Ncardia was established in September 2017 following the merger of Pluriomics and Axiogenesis.
The company provides standardized, validated induced pluripotent stem cell (iPSC) assays for safety, phenotypic screening, and disease modeling.
“The aim of the merger was to become the authority on iPSC derived assays especially in the cardiac and neuronal fields,” Felix von Haniel, Ncardia VP sales and business development told Outsourcing-Pharma.com
Following the merger, which Haniel said provided the company with enough personnel and facility space, the company completed a €10.5m ($12.42) Series B financing round.
The investment will mainly be used to expand the company’s presence in the market and to drive product development, marketing, and distribution capabilities, he said.
“We are very strong in Europe and we want to increase our presence and our strength in the US,” Haniel explained.
The company also wants to expand into other markets, specifically Japan and possibly China, he added.
Moving forward Haniel said the company also wants to increase the throughput of its screening applications as well as expand production capacity to drive down the cost of its human cells.
While Ncardia has historically been a product company, Haniel explained: “the logical conclusion is also to perform services and customizations for our customers.”
“We are moving up the value chain,” he said.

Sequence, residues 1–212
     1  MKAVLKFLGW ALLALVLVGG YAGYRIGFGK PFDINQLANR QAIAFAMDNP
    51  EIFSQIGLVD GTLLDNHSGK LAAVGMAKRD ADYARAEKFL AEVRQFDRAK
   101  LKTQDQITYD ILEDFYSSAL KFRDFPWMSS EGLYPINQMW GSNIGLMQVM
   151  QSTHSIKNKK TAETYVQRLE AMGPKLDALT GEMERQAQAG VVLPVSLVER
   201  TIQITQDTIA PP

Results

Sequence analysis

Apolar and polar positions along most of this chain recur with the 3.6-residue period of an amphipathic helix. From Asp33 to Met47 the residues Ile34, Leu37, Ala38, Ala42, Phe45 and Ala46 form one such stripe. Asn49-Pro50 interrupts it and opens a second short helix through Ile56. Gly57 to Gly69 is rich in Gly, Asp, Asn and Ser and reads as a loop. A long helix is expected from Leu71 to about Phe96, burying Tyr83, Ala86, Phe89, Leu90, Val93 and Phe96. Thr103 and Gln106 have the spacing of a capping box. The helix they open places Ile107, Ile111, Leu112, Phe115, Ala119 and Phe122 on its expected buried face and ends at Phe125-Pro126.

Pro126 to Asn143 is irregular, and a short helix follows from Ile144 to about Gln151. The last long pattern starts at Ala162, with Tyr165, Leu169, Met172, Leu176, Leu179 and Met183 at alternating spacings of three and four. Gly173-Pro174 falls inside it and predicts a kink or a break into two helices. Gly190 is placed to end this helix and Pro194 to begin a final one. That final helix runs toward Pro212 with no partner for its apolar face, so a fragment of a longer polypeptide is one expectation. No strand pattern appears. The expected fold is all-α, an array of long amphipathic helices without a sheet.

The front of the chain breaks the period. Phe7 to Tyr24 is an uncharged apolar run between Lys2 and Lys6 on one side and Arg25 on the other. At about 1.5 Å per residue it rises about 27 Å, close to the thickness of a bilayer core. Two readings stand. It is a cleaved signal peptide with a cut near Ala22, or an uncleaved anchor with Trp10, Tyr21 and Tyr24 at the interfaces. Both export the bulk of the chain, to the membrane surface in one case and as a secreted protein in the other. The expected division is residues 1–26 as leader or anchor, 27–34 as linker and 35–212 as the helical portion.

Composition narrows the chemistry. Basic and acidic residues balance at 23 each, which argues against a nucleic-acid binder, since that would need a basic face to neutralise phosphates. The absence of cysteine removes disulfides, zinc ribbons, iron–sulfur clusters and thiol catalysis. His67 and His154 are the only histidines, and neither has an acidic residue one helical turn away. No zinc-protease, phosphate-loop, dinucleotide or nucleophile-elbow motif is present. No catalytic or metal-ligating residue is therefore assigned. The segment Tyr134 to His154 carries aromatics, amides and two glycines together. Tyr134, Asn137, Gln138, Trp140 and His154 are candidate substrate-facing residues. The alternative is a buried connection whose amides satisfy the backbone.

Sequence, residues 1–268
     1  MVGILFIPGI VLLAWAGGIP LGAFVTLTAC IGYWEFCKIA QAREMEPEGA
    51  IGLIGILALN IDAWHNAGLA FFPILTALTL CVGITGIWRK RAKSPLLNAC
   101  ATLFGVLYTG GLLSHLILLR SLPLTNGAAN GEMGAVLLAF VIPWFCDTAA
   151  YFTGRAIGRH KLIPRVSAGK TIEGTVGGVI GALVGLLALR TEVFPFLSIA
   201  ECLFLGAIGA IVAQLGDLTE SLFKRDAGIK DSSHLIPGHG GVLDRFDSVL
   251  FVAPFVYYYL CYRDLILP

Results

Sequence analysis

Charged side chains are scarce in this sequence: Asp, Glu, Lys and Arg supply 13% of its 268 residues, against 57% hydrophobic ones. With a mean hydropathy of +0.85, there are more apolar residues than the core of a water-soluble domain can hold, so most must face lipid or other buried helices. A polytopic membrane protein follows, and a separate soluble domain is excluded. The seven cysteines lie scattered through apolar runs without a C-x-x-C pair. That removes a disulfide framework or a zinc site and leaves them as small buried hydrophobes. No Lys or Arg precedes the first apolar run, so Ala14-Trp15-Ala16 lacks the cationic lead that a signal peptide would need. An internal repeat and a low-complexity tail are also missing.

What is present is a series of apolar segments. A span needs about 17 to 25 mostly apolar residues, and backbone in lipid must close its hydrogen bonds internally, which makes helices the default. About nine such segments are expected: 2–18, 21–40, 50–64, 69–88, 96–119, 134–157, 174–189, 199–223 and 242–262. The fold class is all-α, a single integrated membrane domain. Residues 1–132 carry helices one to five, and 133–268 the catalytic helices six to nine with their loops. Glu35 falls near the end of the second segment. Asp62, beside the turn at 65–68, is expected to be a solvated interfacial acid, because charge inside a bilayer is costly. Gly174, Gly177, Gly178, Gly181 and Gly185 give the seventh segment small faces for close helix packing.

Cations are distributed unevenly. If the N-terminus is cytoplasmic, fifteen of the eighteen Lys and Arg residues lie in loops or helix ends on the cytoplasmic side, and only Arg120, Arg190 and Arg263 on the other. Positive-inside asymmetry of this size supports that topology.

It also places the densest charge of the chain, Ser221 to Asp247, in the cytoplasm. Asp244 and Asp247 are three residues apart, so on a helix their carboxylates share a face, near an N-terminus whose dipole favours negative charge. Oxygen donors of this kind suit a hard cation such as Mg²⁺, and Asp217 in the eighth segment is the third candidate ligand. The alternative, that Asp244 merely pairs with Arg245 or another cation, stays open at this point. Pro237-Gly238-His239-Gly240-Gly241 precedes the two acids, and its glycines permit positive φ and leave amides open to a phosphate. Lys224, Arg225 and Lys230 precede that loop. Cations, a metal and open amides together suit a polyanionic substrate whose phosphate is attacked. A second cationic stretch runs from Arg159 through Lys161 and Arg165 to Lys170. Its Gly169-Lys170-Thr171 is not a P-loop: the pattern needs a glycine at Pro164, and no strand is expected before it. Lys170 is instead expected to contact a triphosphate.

Moving towards preclinical drug discovery
Ncardia was born out of safety applications for cardiac cells, which has been the main focus for the last three years.
Now, “Ncardia is moving further and further towards preclinical drug discovery,” said Haniel. “More and more we're going into high throughput, disease modeling, and phenotypic screenings where the real power of the cells lies.”
The company’s recent agreements with Roche and Evotec are manifestations of this change, he explained. Ncardia is working with pharma and CRO companies to enable them to implement these phenotypic screens or disease modeling assays, which Haniel said are based on a strong patent portfolio.
The patents date back to 2004 and 2005, so he notes the idea is not new within the company, but now as the company has grown in size – “and in clout so to speak” – the company expands further into this field.